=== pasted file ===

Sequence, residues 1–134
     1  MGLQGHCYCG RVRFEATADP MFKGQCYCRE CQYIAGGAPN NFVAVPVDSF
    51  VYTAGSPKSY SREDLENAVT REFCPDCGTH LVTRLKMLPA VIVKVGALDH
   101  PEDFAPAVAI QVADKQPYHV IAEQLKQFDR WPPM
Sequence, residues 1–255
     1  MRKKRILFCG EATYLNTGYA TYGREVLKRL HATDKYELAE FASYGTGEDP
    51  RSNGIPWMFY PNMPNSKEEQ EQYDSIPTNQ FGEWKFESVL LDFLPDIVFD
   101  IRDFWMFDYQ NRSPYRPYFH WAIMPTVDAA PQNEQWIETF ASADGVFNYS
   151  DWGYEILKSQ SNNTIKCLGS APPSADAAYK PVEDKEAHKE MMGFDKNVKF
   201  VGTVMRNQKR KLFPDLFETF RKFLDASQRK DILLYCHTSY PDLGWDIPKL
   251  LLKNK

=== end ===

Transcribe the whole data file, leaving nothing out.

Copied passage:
Sequence, residues 1–134
     1  MGLQGHCYCG RVRFEATADP MFKGQCYCRE CQYIAGGAPN NFVAVPVDSF
    51  VYTAGSPKSY SREDLENAVT REFCPDCGTH LVTRLKMLPA VIVKVGALDH
   101  PEDFAPAVAI QVADKQPYHV IAEQLKQFDR WPPM
Sequence, residues 1–255
     1  MRKKRILFCG EATYLNTGYA TYGREVLKRL HATDKYELAE FASYGTGEDP
    51  RSNGIPWMFY PNMPNSKEEQ EQYDSIPTNQ FGEWKFESVL LDFLPDIVFD
   101  IRDFWMFDYQ NRSPYRPYFH WAIMPTVDAA PQNEQWIETF ASADGVFNYS
   151  DWGYEILKSQ SNNTIKCLGS APPSADAAYK PVEDKEAHKE MMGFDKNVKF
   201  VGTVMRNQKR KLFPDLFETF RKFLDASQRK DILLYCHTSY PDLGWDIPKL
   251  LLKNK